Resources represent external state such as a git repository, an s3 bucket, or anything else that changes over time. By modelling these as resources, it allows you to use this external state as inputs (or triggers) to your workloads.
The component that schedules and runs the resource checks is called the resource checker. The rate at which these checks happen is called the check interval. There's an obvious tradeoff, whereby the more frequently you poll, the bigger the strain on Concourse (as well as the external source), however if you want to pick up those new commits as quickly as possible, then you need to poll as often as possible.
The resource checker uses the
interval in order to figure out if a resource needs to be checked. A resource's
check_every interval dictates how often it should be checked for new versions, with a default of 1 minute. If that seems like a lot, it is, but it's how Concourse keeps everything snappy. You can configure this value independently for each resource, or if your external service supports it, you can set
to basically eliminate the need for polling altogether.
On every interval tick, the resource checker will see if there are any resources that need to be checked. It does this by first finding resources which are used as inputs to jobs, and then comparing the current time against the last time each resource was checked. If it has been longer than a resource's configured
check_every interval, a new check will be enqueued. In practice this means that if a resource has a
1m, it is not guaranteed to be checked precisely every 60 seconds.
The whole point of running checks is to produce versions. Everything that happens in concourse is centered around the idea of resource versions. It's how concourse determines that something is new and a new build needs to be triggered. The versions produced by each resource all vary to a large degree. The git resource, for example, uses commits hashes, the registry image resource uses the digest sha, and the time resource uses timestamps. Every resource is different, but the end result is the same, a new input for your workload.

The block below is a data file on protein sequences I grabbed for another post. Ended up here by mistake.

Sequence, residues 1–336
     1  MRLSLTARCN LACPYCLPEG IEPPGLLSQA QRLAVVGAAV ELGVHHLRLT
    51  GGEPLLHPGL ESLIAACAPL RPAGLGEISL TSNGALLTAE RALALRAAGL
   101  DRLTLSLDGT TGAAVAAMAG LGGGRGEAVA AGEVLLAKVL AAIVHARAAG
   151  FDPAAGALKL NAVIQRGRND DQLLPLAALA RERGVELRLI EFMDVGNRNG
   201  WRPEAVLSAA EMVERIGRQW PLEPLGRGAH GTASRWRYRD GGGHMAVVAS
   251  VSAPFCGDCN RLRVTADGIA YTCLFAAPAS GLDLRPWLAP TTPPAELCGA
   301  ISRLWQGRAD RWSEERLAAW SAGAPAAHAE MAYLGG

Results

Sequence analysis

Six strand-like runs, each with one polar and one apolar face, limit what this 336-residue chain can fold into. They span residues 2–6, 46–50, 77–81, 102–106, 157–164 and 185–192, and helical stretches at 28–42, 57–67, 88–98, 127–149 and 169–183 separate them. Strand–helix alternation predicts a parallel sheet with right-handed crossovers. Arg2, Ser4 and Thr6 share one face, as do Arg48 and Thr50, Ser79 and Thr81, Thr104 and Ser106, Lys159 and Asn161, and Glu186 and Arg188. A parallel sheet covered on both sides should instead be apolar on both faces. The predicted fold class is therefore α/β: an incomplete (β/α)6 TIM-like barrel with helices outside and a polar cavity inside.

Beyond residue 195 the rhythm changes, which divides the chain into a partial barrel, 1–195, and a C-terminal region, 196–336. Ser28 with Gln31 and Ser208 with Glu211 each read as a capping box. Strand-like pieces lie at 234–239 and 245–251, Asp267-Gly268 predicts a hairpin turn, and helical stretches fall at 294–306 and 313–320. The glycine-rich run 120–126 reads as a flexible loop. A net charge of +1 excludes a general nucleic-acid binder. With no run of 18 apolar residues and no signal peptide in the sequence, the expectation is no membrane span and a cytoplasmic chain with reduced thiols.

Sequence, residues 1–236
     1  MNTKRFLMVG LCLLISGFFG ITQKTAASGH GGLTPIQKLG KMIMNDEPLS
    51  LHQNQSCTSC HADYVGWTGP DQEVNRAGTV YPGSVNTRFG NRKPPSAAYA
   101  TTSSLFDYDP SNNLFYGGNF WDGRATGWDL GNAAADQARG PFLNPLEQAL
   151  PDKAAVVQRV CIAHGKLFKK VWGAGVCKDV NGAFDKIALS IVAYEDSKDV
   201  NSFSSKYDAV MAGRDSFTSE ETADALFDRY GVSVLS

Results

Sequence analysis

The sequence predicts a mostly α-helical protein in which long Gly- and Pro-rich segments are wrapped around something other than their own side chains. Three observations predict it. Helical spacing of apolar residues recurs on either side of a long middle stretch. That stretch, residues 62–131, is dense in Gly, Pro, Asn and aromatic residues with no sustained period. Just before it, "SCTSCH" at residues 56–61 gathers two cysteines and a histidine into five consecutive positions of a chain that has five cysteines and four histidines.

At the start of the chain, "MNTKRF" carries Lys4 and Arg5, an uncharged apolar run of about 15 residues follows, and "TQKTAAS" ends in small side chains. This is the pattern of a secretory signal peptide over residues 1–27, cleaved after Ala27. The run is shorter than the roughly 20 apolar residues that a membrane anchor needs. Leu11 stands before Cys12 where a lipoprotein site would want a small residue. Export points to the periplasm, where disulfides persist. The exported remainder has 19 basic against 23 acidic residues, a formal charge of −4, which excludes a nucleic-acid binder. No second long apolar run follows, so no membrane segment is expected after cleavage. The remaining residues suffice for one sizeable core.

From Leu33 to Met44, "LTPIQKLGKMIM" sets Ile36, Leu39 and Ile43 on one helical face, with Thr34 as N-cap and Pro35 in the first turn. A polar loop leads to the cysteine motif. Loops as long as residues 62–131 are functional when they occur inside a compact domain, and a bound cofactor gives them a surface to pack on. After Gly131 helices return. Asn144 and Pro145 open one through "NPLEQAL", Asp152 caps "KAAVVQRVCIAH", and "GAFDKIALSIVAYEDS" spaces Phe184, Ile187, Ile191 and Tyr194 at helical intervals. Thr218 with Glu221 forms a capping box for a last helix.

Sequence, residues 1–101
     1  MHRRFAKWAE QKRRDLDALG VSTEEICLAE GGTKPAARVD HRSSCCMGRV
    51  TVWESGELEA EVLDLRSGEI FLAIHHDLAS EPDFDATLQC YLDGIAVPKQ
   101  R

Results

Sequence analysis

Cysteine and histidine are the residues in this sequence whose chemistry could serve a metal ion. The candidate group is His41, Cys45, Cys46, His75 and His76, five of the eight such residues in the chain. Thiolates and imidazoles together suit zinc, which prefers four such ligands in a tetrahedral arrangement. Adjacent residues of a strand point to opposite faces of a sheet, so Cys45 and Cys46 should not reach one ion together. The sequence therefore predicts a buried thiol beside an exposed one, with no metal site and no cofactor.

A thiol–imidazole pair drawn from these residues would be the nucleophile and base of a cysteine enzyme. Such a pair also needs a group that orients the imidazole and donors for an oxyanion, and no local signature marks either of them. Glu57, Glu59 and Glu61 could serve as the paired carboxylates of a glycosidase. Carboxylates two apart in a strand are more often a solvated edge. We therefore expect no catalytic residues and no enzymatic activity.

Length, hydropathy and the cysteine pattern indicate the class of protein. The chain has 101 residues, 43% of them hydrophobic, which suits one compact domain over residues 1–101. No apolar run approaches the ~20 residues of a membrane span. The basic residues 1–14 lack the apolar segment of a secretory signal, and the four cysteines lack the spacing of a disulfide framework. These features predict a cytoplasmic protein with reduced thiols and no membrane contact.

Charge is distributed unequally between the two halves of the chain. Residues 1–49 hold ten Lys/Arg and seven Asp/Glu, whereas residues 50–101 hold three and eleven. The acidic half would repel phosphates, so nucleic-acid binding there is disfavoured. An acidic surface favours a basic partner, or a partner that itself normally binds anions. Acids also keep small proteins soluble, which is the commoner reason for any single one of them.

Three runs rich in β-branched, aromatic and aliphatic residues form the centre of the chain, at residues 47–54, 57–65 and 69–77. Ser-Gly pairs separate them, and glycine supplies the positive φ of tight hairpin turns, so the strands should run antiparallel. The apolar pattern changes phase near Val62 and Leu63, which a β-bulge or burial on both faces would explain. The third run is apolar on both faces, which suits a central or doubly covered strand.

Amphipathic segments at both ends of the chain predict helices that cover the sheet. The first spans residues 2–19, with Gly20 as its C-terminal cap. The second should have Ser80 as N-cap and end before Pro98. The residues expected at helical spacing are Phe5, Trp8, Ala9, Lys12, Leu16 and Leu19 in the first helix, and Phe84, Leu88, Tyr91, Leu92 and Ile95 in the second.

As of Concourse v5.6.0, resource checking has been redesigned to be asynchronous. There are now two processes that dictate how resource checking happens. The scanner, which determines if new checks need to run, and the checker which runs them.
The scanner will run every
CONCOURSE_LIDAR_SCANNER_INTERVAL. It's job is to determine if new checks need to run. It will loop over every resource (and resource type) and if the check interval has elapsed since it last ran, it will schedule a new check for that resource.
The checker will run every
CONCOURSE_LIDAR_CHECKER_INTERVAL. It's job is to run all the checks that were scheduled, which can be scheduled through the scanner or the manual resource checks.